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SADC-EU Economic Partnership Agreement: The Need for Civil Society Engagement


Showers Mawowa is Deputy Director, Southern Africa Liaison Office (SALO).

How should civil society and other interested stakeholders engage with the SADC-EU Economic Partnership Agreement, if at all? What should be the form and content of that engagement?

The first regional economic partnership agreement (EPA) in Africa came into effect in February 2018, between the European Union and the Southern African Development Community (SADC), after years of negotiations and in the face of anti-EPA campaigning by SADC civil society since the 2000s.

The deal itself may be finalised, but active citizen engagement is necessary to mitigate against unintended consequences and to ensure implementation is development-orientated, and facilitates sustainable development, poverty reduction and regional integration.

The SADC-EU EPA gives free access to the EU market for 100 per cent of products from Botswana, Lesotho, Mozambique, Namibia, and Swaziland, and 98.7% of imports from South Africa (it does not cover the rest of the 16-country bloc). In turn the EU will get preferential access to those countries for agricultural products including wheat, barley, cheese and pork, as well as trademark protection.

How should civil society and other interested stakeholders engage with this agreement, if at all? What should be the form and content of that engagement?

Civil society should engage, first to demand a formal mechanism for citizens engagement and secondly to influence the implementation. While the EU has a mechanism for government-civil society engagement on the agreement, SADC countries do not, nor have they demonstrated a willingness to set up one. This is unfortunate, as it goes against the now widely accepted principles of civic participation in global governance. And this is in spite of the fact that both the SADC and AU have otherwise come a long way in providing for engagement with civil society in their processes.

It is useful to point out that though the agreement has been finalised, mechanisms for its implementation are still being developed. This will entail alignment with domestic priorities, regional trade frameworks and processes. In this, CSOs have a role.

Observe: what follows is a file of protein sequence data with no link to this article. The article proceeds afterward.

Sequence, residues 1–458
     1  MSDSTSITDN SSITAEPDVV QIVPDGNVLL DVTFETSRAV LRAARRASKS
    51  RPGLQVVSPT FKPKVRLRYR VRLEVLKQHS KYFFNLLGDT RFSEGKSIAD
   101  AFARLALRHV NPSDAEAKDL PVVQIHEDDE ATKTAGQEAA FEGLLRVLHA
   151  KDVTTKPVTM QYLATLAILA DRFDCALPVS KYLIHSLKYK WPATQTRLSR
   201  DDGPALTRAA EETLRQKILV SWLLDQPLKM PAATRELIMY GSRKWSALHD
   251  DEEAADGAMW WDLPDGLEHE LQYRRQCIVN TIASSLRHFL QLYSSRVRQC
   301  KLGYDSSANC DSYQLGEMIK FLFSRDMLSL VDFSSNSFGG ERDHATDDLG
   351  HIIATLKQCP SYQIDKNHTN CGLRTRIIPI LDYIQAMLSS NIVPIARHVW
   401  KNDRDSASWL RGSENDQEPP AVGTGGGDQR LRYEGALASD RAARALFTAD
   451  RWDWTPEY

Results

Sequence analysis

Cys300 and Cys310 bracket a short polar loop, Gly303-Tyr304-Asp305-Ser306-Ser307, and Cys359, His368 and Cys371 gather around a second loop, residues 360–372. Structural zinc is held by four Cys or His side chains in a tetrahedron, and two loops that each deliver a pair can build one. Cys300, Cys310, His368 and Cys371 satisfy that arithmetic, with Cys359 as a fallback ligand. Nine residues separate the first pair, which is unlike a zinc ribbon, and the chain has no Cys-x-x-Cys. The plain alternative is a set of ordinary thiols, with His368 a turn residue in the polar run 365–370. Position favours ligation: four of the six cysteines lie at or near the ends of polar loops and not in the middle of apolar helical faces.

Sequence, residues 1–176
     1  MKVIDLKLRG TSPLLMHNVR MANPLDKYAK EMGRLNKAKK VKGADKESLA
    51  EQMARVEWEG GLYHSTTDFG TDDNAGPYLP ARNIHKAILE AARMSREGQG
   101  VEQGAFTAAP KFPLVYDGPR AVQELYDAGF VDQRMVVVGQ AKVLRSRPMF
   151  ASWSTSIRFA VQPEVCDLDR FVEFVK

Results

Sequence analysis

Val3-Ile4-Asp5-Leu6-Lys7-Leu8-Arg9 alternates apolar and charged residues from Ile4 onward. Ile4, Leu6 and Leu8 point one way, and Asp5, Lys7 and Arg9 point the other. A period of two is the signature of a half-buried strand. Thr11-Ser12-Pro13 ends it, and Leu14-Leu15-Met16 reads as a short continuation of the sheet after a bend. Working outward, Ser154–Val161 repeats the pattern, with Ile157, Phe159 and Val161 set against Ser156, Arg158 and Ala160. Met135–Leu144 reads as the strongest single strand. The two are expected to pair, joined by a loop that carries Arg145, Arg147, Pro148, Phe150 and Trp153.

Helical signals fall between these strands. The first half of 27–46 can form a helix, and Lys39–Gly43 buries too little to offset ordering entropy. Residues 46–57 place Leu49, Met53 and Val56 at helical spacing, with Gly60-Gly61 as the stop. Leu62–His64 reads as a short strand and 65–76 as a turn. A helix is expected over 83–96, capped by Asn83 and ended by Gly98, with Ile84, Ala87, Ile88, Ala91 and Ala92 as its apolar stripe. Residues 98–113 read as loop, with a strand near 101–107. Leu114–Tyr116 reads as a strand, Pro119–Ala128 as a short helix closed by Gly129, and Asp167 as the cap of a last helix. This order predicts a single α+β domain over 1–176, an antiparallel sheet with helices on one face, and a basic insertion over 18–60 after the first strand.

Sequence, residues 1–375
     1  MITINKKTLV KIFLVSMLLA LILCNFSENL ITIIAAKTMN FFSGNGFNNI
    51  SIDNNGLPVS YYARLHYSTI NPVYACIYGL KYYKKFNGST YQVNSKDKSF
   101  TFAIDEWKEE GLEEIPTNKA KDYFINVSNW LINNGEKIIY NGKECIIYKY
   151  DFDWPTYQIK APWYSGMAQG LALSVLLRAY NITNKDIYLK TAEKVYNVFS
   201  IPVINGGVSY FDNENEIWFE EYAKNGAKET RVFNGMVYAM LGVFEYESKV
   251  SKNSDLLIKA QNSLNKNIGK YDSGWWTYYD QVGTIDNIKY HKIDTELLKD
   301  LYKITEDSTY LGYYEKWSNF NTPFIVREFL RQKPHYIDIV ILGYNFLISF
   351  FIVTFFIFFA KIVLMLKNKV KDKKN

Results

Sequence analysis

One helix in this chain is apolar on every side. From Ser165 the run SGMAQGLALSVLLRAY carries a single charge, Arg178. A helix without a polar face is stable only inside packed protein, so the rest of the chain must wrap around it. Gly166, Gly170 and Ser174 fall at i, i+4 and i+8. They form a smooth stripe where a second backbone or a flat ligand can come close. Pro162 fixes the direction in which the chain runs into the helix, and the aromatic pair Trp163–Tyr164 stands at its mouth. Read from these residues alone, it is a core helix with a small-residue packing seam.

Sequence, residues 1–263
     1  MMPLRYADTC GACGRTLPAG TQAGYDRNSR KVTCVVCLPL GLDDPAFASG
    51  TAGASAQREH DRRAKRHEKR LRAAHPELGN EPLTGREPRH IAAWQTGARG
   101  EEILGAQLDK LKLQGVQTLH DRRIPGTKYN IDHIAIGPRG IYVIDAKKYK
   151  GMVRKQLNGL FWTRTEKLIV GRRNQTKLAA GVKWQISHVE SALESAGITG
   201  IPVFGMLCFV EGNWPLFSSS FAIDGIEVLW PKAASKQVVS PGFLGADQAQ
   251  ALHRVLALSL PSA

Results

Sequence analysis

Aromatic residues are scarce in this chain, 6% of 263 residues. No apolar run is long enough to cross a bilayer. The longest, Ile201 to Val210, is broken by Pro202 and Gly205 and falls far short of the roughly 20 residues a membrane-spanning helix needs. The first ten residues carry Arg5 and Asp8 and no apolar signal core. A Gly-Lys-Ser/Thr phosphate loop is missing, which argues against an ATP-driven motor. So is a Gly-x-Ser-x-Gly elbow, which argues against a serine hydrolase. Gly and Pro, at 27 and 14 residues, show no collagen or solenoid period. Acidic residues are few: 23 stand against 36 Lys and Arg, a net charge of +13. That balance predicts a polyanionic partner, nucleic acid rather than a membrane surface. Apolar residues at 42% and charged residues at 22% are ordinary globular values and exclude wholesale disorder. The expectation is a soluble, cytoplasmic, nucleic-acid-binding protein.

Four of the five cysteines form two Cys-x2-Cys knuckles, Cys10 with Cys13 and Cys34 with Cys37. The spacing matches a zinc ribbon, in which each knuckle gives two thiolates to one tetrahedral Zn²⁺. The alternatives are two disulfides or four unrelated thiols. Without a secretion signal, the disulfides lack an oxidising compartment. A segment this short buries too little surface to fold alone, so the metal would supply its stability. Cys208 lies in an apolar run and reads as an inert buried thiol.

There are therefore a number of areas to watch out for as the agreement enters into implementation phase.

Brexit presents a dynamic that CSOs must grapple with. Notably, both the UK and the remaining 27 EU states are said to prefer continuing with the EPA post-Brexit, albeit separately. However, it remains uncertain what the impact on SADC exports to the EU would be if Britain leaves the EU with little or no replacement deal in place with the bloc, a scenario known as ‘no-deal Brexit’ or ‘hard Brexit’. Also, the two sides of the Brexit divide may find themselves competing in the search for new markets, especially for agro-business exports, and therefore start negotiating more aggressively. The implementation and interpretation of the agreement could become a new arena for these struggles.

On paper, the SADC-EU EPA represents asymmetrical liberalisation in favour of the Southern African countries concerned. However, the historical and persistent unevenness of economic power relations may negate this aspiration. SADC countries, with the exception of South Africa, continue to export primarily raw materials and import manufactured products in return.

Moreover, supply-side constraints can counter the deal’s elements that are intended to be of mutual benefit. SADC members and other African nations need to assist local businesses in improving their capacity and competitiveness. They must engage the EU more in securing funding that promotes local farmers and other businesses, as well as business training to help with capacity building. This must take into account the historical and racial nature of uneven development in the region.

Another constraint is non-tariff barriers. First, stringent EU standards and food and health regulations can hinder local SADC producers from accessing EU markets as compliance can be difficult. Second, reforms reducing the prices of certain food imports into EU under the EU Free Trade Agreement (FTA) may reduce margins of tariff preferences enjoyed by SADC agro-food exporters.

Within the SADC, the new EPA with the EU is only with certain members, increasing the division of the region into blocs rather than building on SADC efforts to increase integration. The rest of the SADC countries are currently negotiating a different agreement. This presents obstacles for harmonisation and coordination in a context where building common African positions on some important aspects of EPAs is already a challenge.

There is therefore a need to bring civil society back to the table. In particular links between national and regional CSOs must be strengthened as well as with grass roots movements. The development question must be at the centre of that engagement. In order to strengthen advocacy, CSOs need to bridge the information deficit among themselves by investing in evidence gathering and knowledge sharing.

Civil society can collaborate with EU counterparts, to raise their concerns in the public domain, particularly within the EU. These concerns will highlight the possible negative consequences of the SADC-EPA and how they affect local markets in Africa. EU civil society groups and EU parliamentary members have an important role and must be engaged to promote mutually beneficial trading agreements.

At SADC level, CSOs must insist on a formal mechanism for engagement. In the meantime, existing platforms like the multi-stakeholder national monitoring frameworks of the African Union’s Agenda 2063 can also be leveraged for engagement with civil society in an EPA context. DM


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